Threshold is about improving endurance. Marathoners live and breathe this whilst half marathoners should become friendly with this intensity. It still has benefit for short distances as well but not at the frequency or duration as the longer runners. This intensity is uncomfortably hard but the feeling is that your legs are giving way before your lungs. The idea is to be able to keep below a pace so you can run long interval distances but slow enough as to not max out your heart and lung capacity. It’s the dead leg feeling your chasing.

This is all about heart and lungs! This pace is all about making your heart and lungs work and work hard. It’s done using intervals so that we reduce the tired or dead leg feeling and replace it with a lack of oxygen. Heart and lung capacity helps in every sport that involves moving around and life in general. It’s a very specific pace however and not flat out. It’s a very fine balance of optimal result with minimal stress, a very fine balance. For most runners who move from random training to a formal schedule will generally gain the most benefit from training in this zone.  But it’s also the zone that has to be finely balanced with ample recovery as well.

Repetition is all about technique efficiency. The more efficient every runner is the better they will be over every distance. It is not associated with V02Max and is not designed to increase any capacity or tolerance. Its very fast, light, efficient running with long breaks to allow full recovery. Its designed to make you feel more comfortable at faster paces and to develop the nerve patterns (proprioception) for good, efficient running technique.. It can also be used at the end of workouts to help feel that fast efficient running even when tired and to open up the stride..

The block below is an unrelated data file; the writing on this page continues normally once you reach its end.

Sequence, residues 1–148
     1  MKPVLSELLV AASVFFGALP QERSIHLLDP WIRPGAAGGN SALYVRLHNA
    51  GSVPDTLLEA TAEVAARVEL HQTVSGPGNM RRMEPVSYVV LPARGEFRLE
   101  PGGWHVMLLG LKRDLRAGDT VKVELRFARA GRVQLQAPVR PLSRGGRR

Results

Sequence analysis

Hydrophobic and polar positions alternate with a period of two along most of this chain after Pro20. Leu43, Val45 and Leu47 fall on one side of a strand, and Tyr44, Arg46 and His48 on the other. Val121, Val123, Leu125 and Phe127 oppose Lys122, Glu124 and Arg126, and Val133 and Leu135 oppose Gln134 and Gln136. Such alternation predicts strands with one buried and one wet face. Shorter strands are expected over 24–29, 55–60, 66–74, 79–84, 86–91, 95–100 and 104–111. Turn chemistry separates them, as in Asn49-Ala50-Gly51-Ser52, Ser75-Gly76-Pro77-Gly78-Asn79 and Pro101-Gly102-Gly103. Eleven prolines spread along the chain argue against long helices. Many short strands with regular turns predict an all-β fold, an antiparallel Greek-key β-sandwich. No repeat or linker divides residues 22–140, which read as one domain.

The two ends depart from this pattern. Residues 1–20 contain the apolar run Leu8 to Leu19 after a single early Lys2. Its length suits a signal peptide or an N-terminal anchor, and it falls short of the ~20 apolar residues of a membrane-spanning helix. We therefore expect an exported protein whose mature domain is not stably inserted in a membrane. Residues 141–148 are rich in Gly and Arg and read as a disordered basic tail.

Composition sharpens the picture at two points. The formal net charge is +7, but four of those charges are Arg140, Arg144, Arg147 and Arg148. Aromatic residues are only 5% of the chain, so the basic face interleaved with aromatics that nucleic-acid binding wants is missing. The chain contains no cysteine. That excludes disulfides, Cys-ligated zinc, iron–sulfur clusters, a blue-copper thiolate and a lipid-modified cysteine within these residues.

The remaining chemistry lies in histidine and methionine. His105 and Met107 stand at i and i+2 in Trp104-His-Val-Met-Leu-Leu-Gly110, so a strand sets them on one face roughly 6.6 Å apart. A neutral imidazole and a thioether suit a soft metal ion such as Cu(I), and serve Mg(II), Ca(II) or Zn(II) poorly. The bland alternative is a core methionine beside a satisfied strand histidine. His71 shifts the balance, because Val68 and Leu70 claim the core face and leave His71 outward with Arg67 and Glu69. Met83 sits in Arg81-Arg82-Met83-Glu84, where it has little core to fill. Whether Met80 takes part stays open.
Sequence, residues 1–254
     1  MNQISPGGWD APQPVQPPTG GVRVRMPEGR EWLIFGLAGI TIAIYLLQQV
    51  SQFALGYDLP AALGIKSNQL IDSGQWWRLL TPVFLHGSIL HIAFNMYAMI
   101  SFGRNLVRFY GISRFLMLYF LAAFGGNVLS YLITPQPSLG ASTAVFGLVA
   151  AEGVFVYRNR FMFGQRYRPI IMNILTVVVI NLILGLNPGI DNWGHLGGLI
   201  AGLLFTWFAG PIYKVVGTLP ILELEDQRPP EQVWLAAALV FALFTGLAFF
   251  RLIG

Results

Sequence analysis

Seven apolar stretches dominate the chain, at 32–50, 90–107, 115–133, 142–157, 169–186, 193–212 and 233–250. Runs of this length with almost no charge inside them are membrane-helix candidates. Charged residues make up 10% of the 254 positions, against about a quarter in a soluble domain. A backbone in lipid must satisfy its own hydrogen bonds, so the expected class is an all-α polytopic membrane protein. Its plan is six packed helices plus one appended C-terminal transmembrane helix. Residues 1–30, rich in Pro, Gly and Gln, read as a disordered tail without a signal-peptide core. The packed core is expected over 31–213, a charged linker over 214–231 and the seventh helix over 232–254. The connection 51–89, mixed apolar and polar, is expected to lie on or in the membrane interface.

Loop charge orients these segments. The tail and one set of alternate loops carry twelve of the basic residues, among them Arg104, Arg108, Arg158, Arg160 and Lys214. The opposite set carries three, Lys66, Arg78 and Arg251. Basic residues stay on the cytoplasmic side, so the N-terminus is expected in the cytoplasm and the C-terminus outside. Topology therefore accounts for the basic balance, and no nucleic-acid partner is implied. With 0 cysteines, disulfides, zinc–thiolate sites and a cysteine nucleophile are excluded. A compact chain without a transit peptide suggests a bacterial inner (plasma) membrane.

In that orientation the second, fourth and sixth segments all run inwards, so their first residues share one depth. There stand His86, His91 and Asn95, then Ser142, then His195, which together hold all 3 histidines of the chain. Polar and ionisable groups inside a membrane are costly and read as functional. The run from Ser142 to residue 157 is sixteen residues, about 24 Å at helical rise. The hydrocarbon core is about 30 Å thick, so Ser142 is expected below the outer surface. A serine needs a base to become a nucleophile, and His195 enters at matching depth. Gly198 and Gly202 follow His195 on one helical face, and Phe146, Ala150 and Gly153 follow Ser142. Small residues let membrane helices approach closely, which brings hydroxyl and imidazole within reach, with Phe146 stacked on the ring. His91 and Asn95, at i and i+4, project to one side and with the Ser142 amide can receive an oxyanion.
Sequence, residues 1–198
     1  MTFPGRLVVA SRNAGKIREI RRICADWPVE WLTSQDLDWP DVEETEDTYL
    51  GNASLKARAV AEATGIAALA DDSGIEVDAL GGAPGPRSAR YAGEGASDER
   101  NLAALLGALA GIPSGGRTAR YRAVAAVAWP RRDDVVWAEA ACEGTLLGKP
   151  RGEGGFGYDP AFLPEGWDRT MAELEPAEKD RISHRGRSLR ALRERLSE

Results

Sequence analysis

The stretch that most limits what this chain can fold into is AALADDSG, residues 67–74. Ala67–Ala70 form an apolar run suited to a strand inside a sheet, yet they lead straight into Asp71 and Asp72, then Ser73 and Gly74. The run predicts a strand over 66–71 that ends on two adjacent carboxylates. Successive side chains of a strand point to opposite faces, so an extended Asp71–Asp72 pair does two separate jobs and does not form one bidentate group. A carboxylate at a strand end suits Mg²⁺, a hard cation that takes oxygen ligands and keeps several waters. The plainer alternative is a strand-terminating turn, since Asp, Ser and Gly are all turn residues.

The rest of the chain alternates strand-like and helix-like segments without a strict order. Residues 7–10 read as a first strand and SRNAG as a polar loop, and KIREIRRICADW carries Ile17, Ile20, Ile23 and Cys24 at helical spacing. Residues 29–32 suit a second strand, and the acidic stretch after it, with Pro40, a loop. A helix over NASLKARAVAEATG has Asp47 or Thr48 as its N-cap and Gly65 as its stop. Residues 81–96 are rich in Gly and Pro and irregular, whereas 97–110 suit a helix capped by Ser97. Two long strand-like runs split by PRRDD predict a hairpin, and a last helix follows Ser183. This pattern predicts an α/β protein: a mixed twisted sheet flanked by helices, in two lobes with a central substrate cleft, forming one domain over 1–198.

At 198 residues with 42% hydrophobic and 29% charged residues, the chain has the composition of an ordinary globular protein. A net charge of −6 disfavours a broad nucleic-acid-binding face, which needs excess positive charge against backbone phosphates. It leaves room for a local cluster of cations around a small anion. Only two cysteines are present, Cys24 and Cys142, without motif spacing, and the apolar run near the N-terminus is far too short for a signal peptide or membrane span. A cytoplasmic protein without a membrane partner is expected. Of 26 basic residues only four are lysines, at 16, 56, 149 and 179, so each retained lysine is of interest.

Let’s conclude by going back to our decathlete analogy. The guy that needs to work on his javelin throw will still benefit if he does nothing more than sprint training. His extra speed gained from sprinting will help with the javelin throw but was that his best time spent training when he really needed to improve his javelin throw? Just like the marathon runner that spends the majority of his time training at interval pace. Sure he will become faster at the marathon from this training but is this the best spend of his time training?

Understanding the different running subsystem’s is essential in order to be trained in these subsystems otherwise you don’t know what the feeling is you’re chasing and miss the point of the training session. You also don’t understand what feedback your coach requires. There is no point telling your coach you could have gone faster at last night’s interval session. Of course you could go faster...could you have gone longer at threshold pace? Training repetition for example and deciding to cut the rest time down as you’re short on time doesn’t make sense when you’re chasing efficiency and minimal stress. Running threshold sessions and reducing the distance or time spent running is a wasted set when you’re trying to get your legs to feel dead and heavy.    

Easy, Marathon and Threshold Pace are the most common paces that people get wrong.  They typically run Easy at too slow a pace and Threshold too fast and don’t effectively get the adaptation they are seeking.  A lot of runners don’t run at Marathon (or true Threshold) so don’t ‘teach’ their body to run at their goal event pace.

Those like me, which have limited time to train, want to maximise the benefits for the event they want to compete in. Less junk runs, more quality sessions.

No comments:

Post a Comment